We use our own and third party cookies to improve your user experience; by continuing to browse, we understand that you accept their use. You can get more information on our cookies policy.

Rome Reports

You are using an outdated browser

In order to deliver the greatest experience to our visitors we use cutting edge web development techniques that require a modern browser. To view this page please use Google Chrome, Mozilla Firefox or Internet Explorer 11 or greater

Rome displays interesting process to create sculptures in Nepal


Housed in the Fondazione Pastificio Cerere's building, in the popular San Lorenzo neighborhood in Rome, is the art exhibition “Mvaḥ Chā.” The name means “yellow mud,” and the exhibition illustrates the process used to create these unique works of art in Nepal.

The exhibition shows how Western art has evolved into something abstract over time, while the most distant civilizations, like those in Nepal, have always had this abstract nature in their pieces.

NAMSAL SIEDLECKI
Mvaḥ Chā Exhibition
“Sculptures are made from wax. In Italy, the wax mold is covered with plaster and ground brick. The entire sculpture is covered so its form can no longer be seen. Then this is all placed inside the oven. The wax melts, leaving this gap that is then filled with bronze. When the mold is broken, you're left with the bronze sculpture.”

In Nepal however, the sculpting process is completely different because different raw materials are used.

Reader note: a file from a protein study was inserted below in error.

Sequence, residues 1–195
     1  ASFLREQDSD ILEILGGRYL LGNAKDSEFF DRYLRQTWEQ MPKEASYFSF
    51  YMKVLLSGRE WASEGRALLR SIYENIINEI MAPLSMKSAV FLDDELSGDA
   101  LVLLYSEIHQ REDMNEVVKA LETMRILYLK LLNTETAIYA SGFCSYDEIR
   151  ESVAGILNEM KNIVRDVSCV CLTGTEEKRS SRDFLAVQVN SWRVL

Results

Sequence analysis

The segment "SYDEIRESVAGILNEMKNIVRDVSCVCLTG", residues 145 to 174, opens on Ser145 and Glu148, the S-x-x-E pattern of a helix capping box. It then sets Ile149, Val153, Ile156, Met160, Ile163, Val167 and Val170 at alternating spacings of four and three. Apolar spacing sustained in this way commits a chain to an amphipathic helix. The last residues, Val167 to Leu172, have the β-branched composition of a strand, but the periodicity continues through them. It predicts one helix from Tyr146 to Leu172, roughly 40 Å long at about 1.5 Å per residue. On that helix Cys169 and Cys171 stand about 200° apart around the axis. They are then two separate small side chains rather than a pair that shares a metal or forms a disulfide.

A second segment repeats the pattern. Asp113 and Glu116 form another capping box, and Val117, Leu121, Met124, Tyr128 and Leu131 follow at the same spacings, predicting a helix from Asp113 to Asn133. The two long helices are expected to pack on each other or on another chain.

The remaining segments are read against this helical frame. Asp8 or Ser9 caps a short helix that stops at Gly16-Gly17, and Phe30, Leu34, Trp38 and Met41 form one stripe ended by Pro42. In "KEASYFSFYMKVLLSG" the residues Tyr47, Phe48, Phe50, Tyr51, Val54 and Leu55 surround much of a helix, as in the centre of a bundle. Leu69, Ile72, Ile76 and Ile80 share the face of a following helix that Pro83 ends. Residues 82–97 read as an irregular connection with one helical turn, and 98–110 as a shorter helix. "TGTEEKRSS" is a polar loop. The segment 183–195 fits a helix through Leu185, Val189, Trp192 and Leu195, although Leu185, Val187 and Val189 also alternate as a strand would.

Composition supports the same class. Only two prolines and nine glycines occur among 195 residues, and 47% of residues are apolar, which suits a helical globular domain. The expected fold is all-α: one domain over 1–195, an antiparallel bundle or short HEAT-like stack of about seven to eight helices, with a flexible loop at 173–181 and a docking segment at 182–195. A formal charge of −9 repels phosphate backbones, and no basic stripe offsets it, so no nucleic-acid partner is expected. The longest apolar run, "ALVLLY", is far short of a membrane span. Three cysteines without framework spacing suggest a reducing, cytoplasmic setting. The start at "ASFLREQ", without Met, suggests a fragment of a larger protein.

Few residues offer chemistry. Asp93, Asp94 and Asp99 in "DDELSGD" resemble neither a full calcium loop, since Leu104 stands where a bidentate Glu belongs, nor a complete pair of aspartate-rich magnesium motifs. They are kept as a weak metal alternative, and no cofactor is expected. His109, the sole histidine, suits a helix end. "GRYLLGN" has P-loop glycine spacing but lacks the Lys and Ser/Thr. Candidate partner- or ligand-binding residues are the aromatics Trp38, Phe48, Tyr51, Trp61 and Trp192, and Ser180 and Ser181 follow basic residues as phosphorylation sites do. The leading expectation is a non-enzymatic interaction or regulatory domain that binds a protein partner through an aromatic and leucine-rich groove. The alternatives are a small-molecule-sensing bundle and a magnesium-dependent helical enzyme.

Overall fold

They use manure, the outer layer of grains of rice and clay. This gives the exhibition its name, in English, “yellow mud.”

NAMSAL SIEDLECKI
Mvaḥ Chā Exhibition
“In this process, they cover the mold of the sculpture, but they don't have to cover the whole thing. They only need a few inches around the shape, unlike us, who have to cover the whole thing, losing the outline. For them, the outline remains in the mold. When I saw it, I thought of the sculptures of Henry Moore, Arp, Brâncuși.”

Besides being abstract works of art, in Nepalese culture, these figures are created to serve a specific function.

In this case, the pieces on display in this room are fragments of sacred sculptures from Nepalese culture.

NAMSAL SIEDLECKI
Mvaḥ Chā Exhibition
“The devoted leave offerings in front of these sculptures. The sculptures coexist with the offerings, and I was personally fascinated by this.”

For that reason, some sculptures in the exhibition have small offerings by them.

It's an interesting cultural mix in Rome that shows that art is a form of expression that unites humanity, notwithstanding differences nor distances.

Daniel Díaz Vizzi
Translation: CT